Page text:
Merchants in only some States can charge surcharges on credit card

In a credit-driven economy such as ours, it is always essential to be aware of some basic, but impactful rules about the way credit cards are governed by law. Many shoppers get a notification by outlets at which they pay through credit cards to the effect that they have been charged this surcharge.

Why is a surcharge levied, and is this charge permitted?

A surcharge, also called a checkout charge, is a charge that some merchants make on credit card payments. It is levied to cover the merchant fee expenses that these outlets incur when customers purchase.

From the legal perspective, the answer to the above question is yes and now. This ambiguity is not something to be confused over. The position of the law is very clear: this surcharge is prohibited in some States, while it is permitted in some others.

States that prohibit merchants to charge a surcharge

As of late 2015, most States other than a handful have laws that permit charge of surcharge on credit cards. All expect a few States permit surcharge on credit cards. The following States prohibit traders from charging a surcharge on credit cards:

  • California
  • Colorado
  • Connecticut
  • Florida
  • Kansas
  • Maine
  • Massachusetts
  • New York
  • Oklahoma
  • Texas, and
  • Puerto Rico

States that permit merchants to give discounts

Ten States also have the feature by which they have laws that permit merchants to allow discounts on non-card payments. As can be expected, the logic for this step is simple: to dissuade customers to use modes of payments other than cards. These States are:

  • California
  • Colorado
  • Connecticut
  • Maryland
  • Massachusetts
  • Nevada
  • Oklahoma
  • Washington
  • Wisconsin,
  • Wyoming, and
  • Puerto Rico

From when did the levy of surcharge on credit card become legal?

The permission to charge surcharge on credit card purchases came into effect as a result of a preliminary court settlement between a group of retailers, major credit card companies and a few payment networks in mid-2012 and came into effect from early 2013.

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Golden rules of financial planning

Financial planning is one of the sine qua non skills that need to be imbibed from an early age. The sooner one learns the ropes of financial planning; the better it is for one’s future. So, what are the golden rules of financial planning?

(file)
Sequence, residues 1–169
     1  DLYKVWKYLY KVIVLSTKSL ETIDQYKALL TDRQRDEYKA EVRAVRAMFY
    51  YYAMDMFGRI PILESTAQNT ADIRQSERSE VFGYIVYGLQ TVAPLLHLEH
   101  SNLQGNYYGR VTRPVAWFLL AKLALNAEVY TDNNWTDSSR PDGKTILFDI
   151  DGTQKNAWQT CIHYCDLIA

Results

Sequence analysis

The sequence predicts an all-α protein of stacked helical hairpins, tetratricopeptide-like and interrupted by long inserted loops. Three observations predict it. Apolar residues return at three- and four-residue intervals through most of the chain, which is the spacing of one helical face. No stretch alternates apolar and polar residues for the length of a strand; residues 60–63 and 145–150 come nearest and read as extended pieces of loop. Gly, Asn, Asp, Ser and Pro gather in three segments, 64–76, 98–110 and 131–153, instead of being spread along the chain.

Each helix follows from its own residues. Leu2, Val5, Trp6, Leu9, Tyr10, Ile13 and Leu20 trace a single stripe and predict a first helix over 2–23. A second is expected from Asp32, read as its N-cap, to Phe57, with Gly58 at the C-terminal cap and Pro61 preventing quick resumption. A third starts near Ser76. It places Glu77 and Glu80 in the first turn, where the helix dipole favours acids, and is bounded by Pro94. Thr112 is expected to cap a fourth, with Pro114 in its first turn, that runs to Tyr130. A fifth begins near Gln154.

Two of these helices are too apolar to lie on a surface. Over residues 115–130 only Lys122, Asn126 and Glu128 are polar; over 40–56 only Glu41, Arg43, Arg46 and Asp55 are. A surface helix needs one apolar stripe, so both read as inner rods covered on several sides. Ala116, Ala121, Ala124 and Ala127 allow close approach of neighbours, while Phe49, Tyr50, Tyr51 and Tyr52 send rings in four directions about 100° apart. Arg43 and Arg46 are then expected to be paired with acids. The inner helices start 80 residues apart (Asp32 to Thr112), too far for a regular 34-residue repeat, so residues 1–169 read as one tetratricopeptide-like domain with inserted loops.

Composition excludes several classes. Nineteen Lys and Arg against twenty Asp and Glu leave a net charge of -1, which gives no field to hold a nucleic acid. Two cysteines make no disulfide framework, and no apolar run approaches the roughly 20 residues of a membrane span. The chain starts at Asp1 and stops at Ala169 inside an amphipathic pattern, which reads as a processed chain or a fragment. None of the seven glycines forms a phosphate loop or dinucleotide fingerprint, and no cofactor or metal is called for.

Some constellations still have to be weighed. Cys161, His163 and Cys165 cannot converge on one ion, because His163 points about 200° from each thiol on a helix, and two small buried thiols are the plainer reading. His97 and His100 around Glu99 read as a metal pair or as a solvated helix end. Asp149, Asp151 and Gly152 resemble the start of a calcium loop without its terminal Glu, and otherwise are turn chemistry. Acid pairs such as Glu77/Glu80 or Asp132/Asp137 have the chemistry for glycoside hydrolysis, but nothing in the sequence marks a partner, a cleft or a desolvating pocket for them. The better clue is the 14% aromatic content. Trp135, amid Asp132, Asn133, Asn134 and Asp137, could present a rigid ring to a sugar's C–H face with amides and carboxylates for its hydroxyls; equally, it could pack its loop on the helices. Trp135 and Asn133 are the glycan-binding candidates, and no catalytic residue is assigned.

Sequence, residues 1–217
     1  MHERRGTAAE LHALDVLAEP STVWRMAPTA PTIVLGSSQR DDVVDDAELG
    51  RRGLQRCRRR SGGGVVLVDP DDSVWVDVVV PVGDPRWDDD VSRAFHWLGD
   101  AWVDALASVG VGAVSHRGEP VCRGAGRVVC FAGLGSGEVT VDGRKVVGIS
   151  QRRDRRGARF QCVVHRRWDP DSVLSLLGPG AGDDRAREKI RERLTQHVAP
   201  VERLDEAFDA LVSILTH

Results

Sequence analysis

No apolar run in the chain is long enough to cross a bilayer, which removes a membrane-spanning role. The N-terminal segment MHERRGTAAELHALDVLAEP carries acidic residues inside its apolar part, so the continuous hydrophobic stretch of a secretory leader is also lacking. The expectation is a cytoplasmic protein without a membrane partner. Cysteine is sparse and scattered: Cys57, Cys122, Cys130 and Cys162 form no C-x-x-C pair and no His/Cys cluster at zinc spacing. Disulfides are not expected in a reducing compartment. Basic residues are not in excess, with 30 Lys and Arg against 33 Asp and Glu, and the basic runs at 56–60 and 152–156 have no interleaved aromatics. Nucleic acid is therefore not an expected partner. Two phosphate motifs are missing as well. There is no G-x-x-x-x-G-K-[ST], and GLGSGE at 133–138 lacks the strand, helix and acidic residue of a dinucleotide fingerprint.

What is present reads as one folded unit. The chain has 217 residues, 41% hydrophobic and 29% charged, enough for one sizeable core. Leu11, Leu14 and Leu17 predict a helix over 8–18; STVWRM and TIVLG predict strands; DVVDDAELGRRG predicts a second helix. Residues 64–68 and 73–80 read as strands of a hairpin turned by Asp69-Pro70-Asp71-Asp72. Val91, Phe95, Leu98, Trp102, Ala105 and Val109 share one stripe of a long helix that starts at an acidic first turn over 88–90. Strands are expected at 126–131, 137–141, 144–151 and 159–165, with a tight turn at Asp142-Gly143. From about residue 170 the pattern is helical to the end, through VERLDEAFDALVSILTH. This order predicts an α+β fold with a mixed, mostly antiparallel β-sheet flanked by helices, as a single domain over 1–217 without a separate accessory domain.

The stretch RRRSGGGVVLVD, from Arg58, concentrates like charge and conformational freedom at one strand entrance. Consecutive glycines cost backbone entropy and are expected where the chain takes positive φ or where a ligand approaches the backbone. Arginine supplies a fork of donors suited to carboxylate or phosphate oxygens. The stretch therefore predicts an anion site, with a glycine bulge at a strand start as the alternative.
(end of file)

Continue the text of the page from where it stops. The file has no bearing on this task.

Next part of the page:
Limited means, unlimited wants

The classical economist, Adam Smith was bang on target when he suggested over two centuries ago that human needs are unlimited, but the means to satisfying them are not. This should serve as the cornerstone to any rule on financial planning.

The realization that our earnings last a shorter time than our needs is the foundation to financial planning. So, how to we overcome this shortcoming? With a simple trait: learning to be frugal today to save for tomorrow. Our creator has given us no guarantees that our faculties will remain sharp and sound till we last. We all go through life’s cycles of childhood, youth, middle age and old age. We know for sure that we cannot do with the same fitness and aplomb in our old age what we can in our middle life.

This is why we have to construct our financial planning in a manner that enables us to earn and more importantly, save for that phase of our lives when not our work, but our savings take care of us. This is why we have to inculcate some discipline into our financial planning.

Build up surely and steadily

Little drops of water make the mighty ocean. If we were to start financial planning with our known resources from early, the lesser will be our burden as we age.  What are the means by which we can build up for that eventuality?

First, never depend on one source of income: We know for sure that our financial needs never end. We have to make provisions for our burial, too! Jokes aside, the way to keep earning throughout is to keep options open on having multiple sources of income. Try out a part-time job or vocation. Try reaching out to an orchestra on the weekends. Or dabble at the arts. In other words, make money making and saving a habit. You can always spend your weekends chatting with your friends at bars and discos, but it is better to keep those more as occasional activities that are indulged in when you want to take a break, rather than as compulsory visits to kill the boredom.

Try out shares: Shares have been popular as investment options in America for many decades now. At first, it may seem intimidating and confusing, but over time, juggling with shares is going to become fun, apart from being a potential additional income earner. Bear in mind though, that it is better to reinvest what you earn in further streams.

Invest on yourself: What is meant is that the golden rule of financial planning is that you are saving for your own future, right? So, invest in ways by which you can augment your income. Take up a career-enhancing course. Or invest in real estate. Mix a match liquidity and solid asset building.

Most of important, when we want to save for a rainy day, it means having to have enough reserves to help us meet emergencies. God forbid, should we fall sick when in the prime of our earning prowess, we should have enough investment and insurance options to help us tide over these crises.

To sum up, the golden rules of financial planning imply that we simply imbibe the habit of being wise in money matters and use our common sense in tune with our expected levels of income and wants.

http://www.compliance4all.com/

http://www.compliance4all.com/

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